LONDON (Reuters) - Britain’s recession has prompted a wave of self-help trends ranging from bee-keeping to growing vegetables — and one of the fastest growing is DIY butchery.
Witness the Ginger Pig butcher’s shop in the fashionable Marylebone area of London, where nine men and three women, dressed in white coats stained with blood, are learning the tricks of the trade.
Some just want to know more about food, others are City high-fliers with time on their hands.
They pay 120 pounds ($195) for a three-hour class, complete with beaujolais and lamb stew afterwards.
“They want something new to do and something cheaper than expensive restaurants,” says shop manager Perry Bartlett.
“They come here and cook an equally good meal and have an education as well about meat.
“We have people from all walks of life. We’ve had surgeons, dentists, doctors, and normal people from down the street ... and lots and lots of girls.”
The shop opened in 2003 and gets organic meat from the Ginger Pig farm in North Yorkshire, where rare breeds such as Longhorn and Belted Galloway cattle, and Tamworth pigs are reared.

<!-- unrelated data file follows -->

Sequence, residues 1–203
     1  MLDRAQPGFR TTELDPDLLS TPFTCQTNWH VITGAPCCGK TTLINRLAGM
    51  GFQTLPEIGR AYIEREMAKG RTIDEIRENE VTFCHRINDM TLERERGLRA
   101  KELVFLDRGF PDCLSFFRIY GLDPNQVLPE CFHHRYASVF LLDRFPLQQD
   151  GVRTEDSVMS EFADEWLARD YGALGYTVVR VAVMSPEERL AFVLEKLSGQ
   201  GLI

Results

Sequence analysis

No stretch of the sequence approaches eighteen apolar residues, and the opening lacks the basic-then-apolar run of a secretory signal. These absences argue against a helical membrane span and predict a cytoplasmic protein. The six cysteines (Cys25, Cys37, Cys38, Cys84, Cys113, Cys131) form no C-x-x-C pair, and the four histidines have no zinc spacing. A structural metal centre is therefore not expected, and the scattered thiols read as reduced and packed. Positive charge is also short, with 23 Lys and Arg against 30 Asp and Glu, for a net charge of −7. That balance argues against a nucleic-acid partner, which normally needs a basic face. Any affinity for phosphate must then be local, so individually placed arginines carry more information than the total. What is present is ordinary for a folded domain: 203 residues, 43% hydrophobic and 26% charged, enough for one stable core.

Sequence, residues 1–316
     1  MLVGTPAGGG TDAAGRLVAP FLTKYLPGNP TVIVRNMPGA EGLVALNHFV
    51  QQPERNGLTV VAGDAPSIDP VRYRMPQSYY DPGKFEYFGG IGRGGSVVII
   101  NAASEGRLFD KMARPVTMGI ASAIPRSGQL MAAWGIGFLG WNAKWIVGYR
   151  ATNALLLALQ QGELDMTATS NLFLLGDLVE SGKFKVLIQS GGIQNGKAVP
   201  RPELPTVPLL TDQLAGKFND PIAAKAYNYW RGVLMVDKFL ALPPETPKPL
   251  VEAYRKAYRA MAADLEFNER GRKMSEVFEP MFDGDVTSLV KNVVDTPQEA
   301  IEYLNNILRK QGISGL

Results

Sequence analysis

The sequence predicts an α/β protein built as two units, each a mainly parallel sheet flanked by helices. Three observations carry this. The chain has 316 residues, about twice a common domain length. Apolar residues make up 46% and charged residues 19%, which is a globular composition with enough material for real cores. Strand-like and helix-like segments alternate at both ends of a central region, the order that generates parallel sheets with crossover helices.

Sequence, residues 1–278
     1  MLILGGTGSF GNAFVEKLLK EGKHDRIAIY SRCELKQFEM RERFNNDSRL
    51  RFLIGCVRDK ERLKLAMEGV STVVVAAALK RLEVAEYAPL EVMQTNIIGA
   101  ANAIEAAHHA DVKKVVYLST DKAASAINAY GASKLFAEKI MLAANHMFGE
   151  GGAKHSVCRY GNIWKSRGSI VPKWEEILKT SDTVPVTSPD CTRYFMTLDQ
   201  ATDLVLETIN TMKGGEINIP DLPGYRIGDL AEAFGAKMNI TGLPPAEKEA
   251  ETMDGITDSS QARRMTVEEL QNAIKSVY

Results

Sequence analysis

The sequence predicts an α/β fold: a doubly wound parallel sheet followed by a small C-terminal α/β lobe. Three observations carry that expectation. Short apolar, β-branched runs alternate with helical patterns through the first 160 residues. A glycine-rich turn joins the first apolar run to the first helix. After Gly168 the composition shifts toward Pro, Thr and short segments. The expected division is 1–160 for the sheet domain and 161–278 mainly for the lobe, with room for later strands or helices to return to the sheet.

Bartlett plans to build a bigger classroom holding up to 20 students, and expects strong demand in the run-up to Christmas.
In the current economic climate, he said more and more city bankers and businessmen were looking for fun and social gatherings.
“It was a birthday gift from my girlfriend,” said Mark Mcardle, a 22-year old private banker, standing in front of pig carcasses hanging from hooks in the shop.
“She is not here tonight, but she thought it would be a good gift for me to become a professional butcher, so I’ll have a go at it.”
Borut Kozelj, Bartlett’s assistant, holds a Master’s degree from a butchery school in Slovenia and is one of about 20 butchers working at the Ginger Pig.
“The business is exploding,” he said. “More people want to cook at home in the recession, eat fresher meat and know where it is produced.”
Participants learn about different cuts of meat, how to prepare fillet, sirloin, rump or rib eye, and can take their juicy piece home afterwards.
Editing by Steve Addison